Do our genes control our stress response?

13 Dec 2016
Do our genes control our stress response?

Is there a link between our genes and how we cope with stressful situations? Research from the South Australian Health and Medical Research Institute’s (SAHMRI) Mind and Brain Theme has identified a gene that may predispose people to responding poorly to these stressful situations, and developing depression.

We all handle stressful situations differently, but there may be a reason that we react the way we do – and that may be our genetic makeup.

The genetics of depression

Professor Ma-Li Wong, Senior Principal Research Fellow and Head, Pharmacogenomics Research Program within SAHMRI’s Mind and Brain Theme and Strategic Professor in Psychiatry at Flinders University,said the team at SAHMRI is the only group looking into the PHF21B gene, and this is the first report that this gene is associated with depression.

“By taking a DNA sample, analyzing it for rare gene variants that cause change in the amino acid sequence of proteins, and comparing the genetic data from many people without depression with those with depression we can figure out whether the function of some genes could be related to increased risk for depression,” she said.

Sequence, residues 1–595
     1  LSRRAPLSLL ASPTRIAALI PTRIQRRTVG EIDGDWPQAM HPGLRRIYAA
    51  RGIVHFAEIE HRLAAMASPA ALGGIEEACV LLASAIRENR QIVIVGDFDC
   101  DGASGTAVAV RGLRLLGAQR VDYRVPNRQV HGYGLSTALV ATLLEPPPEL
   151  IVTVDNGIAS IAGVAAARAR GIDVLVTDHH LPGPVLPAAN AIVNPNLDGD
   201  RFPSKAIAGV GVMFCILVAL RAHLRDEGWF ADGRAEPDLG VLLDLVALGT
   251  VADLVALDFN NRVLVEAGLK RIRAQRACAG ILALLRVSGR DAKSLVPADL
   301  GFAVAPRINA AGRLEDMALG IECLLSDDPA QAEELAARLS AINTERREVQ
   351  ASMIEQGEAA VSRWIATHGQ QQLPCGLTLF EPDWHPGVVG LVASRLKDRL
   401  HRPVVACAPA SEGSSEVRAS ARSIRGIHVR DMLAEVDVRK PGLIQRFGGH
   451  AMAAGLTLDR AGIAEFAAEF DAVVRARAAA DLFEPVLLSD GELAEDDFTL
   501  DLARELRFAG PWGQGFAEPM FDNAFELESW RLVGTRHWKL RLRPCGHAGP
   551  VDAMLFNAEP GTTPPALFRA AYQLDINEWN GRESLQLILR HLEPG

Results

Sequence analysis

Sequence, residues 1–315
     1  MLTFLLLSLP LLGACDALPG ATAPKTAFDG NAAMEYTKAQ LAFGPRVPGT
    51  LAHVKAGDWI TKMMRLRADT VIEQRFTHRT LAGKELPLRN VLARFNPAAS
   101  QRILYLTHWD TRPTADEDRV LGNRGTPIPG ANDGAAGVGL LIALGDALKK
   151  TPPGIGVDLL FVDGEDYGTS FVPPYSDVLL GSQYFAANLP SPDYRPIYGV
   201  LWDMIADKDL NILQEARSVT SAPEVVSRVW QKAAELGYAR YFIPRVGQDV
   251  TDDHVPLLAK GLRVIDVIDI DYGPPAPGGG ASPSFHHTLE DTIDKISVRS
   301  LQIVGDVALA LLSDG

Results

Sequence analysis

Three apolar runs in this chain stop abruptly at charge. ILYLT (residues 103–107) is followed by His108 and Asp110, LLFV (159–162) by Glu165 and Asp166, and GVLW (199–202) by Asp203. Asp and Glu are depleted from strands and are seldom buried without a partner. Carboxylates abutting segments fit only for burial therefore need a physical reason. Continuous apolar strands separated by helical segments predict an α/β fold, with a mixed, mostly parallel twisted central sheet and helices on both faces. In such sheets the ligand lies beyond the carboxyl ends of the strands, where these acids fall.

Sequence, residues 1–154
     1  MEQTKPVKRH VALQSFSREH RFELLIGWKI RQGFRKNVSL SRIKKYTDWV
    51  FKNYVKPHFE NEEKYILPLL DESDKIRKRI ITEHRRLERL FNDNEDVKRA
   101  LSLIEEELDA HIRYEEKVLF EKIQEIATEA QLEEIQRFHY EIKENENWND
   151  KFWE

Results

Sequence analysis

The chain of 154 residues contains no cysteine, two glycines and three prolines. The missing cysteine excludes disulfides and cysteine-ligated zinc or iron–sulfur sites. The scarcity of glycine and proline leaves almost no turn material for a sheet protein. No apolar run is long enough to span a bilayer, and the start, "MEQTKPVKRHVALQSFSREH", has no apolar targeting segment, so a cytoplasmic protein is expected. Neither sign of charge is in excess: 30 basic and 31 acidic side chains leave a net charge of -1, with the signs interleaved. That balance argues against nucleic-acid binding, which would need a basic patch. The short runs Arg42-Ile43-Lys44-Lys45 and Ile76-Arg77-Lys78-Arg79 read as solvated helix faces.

Important international study

Professor Wong added that this study is an international collaboration being led by SAHMRI. 

“The first population that was analysed was a Mexican-American sample; the second population was a European and Australian sample contributed by Professor Bernhard Baune from the University of Adelaide.  In the Mexican-American sample we were able to identify that several genetic variations could increase the risk for depression; however, only rare variations in the PHF-21B gene were confirmed to increase depression risk in the European and Australian population,” she said.

“Variants of the PHF21B gene contribute significantly to differences in the levels of expression of this gene in several brain areas, including the hippocampus, which is a brain region important in regulating a person’s mood and stress response.”

“Therefore, this gene could help modulate our mood and reaction to stress,” she said. 

“We have obtained animal data that support this concept, and it provides a possible brain pathway that explains it.” 

Major depressive disorder (MDD) affects around 350 million people worldwide. It’s obvious that this is a huge problem in our community, however, the underlying genetic basis remains largely unknown, and this is why the work being conducted at SAHMRI into depression is so important.